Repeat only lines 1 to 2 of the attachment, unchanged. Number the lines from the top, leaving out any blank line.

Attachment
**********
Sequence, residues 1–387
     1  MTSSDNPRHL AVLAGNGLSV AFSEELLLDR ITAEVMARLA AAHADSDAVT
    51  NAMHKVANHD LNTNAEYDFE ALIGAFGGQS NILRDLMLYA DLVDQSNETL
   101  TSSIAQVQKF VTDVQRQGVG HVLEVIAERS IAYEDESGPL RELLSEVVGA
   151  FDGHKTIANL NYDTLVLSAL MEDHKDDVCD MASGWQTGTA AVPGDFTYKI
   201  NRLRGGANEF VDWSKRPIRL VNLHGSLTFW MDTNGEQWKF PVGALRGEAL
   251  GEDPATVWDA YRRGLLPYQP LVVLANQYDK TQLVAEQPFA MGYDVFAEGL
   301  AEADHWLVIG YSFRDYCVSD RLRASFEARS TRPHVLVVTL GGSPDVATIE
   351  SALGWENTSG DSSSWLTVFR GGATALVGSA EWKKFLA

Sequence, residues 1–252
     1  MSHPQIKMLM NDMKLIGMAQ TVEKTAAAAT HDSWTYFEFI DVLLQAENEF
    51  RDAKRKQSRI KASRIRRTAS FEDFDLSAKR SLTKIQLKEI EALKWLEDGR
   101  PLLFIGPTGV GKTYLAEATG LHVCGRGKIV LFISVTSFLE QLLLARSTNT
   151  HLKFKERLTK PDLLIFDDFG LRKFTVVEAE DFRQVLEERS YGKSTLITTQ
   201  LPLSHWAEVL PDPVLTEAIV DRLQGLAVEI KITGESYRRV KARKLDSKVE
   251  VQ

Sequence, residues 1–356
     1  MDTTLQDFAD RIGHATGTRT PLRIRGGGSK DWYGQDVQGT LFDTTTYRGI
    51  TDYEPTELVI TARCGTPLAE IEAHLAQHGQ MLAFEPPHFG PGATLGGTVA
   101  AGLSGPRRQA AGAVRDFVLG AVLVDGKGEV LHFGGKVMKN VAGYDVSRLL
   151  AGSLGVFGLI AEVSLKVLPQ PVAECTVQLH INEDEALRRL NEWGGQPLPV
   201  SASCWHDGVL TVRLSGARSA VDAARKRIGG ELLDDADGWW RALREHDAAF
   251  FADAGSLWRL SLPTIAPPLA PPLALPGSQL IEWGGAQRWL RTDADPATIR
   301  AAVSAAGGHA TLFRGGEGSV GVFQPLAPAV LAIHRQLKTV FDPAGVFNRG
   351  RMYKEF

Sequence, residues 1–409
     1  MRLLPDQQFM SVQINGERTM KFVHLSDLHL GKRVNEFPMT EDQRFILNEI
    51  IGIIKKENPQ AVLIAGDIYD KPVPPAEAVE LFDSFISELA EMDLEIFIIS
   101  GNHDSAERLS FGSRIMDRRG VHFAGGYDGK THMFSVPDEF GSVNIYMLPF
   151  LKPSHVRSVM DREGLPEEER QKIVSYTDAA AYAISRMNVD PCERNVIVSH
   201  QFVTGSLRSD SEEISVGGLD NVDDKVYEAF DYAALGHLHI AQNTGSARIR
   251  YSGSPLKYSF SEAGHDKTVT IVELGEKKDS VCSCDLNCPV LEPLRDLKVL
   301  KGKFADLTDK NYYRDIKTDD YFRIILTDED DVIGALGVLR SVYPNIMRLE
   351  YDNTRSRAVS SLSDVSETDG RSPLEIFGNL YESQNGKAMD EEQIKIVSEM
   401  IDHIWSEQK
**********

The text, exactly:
Sequence, residues 1–387
     1  MTSSDNPRHL AVLAGNGLSV AFSEELLLDR ITAEVMARLA AAHADSDAVT